Rabbi Laura did a Thought For the Day this morning. She reiterated David Cesarani’s point, which was that we mustn’t waver in the face of terrorism.
We mustn’t exaggerate these fears, or make too much of the rise in antisemitism, but we must stand firm and not moderate our behaviour. That’s all well and good. Noble and principled.
The Paris and Copenhagen terrorists did not only attack Jews. They have a long list of enemies, including journalists, cartoonists, filmmakers and members of other religions, including Muslims and Christians and pretty much anyone or any event that represents difference.
However Janner-Klausner and Cesarani have both taken it upon themselves to align themselves (on behalf of British Jews ) with Charlie Hebdo and all advocates of free speech. United we stand. But since the MSM media has chickened out of unanimously publishing the infamous cartoons, and since our government’s way of standing by the Jewish community amounts to a few guards outside a few synagogues and a bit more barbed wire round some Jewish schools, one has to ask how reassuring this all actually is?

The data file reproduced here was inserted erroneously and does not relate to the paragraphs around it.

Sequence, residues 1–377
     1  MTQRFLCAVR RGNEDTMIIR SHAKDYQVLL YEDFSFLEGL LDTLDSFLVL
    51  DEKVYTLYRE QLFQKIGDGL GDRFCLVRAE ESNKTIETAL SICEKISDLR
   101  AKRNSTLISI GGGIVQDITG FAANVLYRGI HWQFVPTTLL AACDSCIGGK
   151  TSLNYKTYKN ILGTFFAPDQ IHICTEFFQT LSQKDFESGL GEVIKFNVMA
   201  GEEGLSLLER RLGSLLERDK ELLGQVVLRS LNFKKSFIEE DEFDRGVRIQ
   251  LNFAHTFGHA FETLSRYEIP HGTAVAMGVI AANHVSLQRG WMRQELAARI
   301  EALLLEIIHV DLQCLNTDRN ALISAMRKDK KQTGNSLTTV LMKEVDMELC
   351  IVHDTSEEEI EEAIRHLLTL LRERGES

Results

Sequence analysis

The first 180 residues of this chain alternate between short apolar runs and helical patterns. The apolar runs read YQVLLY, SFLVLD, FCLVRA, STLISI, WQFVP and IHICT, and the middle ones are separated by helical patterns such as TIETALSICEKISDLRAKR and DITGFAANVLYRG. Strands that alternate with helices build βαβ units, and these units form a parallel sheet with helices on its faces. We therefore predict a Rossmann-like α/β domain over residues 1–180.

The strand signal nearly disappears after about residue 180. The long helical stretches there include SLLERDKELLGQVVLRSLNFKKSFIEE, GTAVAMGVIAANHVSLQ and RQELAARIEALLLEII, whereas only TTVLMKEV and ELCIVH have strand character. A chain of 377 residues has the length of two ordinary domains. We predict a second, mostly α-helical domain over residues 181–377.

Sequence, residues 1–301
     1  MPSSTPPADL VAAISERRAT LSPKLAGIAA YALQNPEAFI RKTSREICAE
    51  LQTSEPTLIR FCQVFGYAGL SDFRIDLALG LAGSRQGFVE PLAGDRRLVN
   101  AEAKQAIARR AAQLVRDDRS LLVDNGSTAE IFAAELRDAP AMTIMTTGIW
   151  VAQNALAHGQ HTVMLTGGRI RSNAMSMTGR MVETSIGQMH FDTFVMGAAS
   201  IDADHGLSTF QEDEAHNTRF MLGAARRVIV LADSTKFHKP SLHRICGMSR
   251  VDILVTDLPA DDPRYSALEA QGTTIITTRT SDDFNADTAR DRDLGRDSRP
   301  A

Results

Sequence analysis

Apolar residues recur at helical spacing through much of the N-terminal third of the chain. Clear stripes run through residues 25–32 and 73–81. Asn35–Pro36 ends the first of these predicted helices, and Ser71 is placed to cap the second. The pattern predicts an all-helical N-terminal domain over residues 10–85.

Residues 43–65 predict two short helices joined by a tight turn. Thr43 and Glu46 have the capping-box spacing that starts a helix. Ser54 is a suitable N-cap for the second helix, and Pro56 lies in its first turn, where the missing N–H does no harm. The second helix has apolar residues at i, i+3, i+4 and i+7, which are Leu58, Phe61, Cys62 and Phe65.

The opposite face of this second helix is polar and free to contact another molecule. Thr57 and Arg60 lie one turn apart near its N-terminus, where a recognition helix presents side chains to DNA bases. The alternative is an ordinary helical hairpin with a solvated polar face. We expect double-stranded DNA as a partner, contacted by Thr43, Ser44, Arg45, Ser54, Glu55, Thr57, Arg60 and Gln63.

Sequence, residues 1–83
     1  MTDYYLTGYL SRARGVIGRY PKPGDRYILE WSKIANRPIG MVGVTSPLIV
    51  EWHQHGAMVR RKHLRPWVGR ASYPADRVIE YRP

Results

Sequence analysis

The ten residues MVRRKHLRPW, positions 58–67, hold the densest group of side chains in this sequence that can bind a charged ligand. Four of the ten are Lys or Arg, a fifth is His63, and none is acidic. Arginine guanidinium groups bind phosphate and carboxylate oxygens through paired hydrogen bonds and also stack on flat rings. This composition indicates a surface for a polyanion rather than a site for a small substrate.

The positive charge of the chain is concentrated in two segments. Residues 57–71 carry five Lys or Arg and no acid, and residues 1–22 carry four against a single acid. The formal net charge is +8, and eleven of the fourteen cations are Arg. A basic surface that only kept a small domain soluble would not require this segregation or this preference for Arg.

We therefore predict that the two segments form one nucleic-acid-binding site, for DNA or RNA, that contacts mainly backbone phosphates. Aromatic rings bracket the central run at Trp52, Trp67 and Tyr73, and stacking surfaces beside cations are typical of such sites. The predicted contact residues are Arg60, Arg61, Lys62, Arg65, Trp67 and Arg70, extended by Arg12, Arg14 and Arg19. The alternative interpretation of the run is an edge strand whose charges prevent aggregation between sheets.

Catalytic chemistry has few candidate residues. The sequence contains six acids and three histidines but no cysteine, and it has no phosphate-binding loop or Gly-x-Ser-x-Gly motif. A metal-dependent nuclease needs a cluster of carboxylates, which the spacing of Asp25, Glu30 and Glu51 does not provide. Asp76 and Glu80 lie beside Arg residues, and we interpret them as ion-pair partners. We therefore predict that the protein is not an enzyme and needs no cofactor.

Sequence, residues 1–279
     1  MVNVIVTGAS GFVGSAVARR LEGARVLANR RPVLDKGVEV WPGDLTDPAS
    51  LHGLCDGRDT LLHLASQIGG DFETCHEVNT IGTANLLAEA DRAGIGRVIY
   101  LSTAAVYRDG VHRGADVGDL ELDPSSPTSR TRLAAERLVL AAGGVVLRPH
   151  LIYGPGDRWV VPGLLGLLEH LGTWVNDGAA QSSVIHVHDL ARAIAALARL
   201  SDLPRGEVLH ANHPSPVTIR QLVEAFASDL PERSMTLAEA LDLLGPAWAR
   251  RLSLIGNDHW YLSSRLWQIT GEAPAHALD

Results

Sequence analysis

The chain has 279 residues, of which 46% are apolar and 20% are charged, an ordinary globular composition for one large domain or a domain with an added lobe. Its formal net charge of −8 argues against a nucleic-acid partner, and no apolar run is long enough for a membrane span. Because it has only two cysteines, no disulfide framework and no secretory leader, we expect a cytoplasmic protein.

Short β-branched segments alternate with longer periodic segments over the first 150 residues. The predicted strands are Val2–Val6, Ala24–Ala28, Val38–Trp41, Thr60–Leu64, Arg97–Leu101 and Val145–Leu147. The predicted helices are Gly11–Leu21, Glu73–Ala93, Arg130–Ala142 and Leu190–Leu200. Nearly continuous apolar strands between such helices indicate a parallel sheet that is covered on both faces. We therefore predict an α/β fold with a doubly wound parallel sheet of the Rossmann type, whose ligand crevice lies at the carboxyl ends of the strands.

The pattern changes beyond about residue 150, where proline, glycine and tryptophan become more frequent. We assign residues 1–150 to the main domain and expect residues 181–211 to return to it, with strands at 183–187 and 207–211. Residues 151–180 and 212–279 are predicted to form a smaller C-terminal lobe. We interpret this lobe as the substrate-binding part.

If too many Jewish spokespersons focus primarily on one (anti-freedom of speech) motivating force behind the current spate of terror attacks and downplay the fiercely antisemitic incentive that drives Jihad, then it’s a bit too head-in-the sand for my liking.
Why do we have to have this pointlessly divisive rift? What harm would it do the BBC’s pet Jews to face the facts? Are they afraid of alienating the left? They probably mean well, but although their attitude might help burnish the ‘Jews’’ tarnished (by the BBC) public image in the short term, I’m not so sure it will be helpful in the long term.